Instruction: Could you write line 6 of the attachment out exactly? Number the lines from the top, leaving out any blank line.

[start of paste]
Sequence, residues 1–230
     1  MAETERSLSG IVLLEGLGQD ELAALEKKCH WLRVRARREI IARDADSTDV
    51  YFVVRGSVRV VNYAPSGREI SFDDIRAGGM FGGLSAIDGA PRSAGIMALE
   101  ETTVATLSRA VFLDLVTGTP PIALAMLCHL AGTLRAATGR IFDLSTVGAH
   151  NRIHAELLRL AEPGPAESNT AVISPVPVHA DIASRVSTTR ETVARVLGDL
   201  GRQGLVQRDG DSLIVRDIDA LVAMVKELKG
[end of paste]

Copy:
   201  GRQGLVQRDG DSLIVRDIDA LVAMVKELKG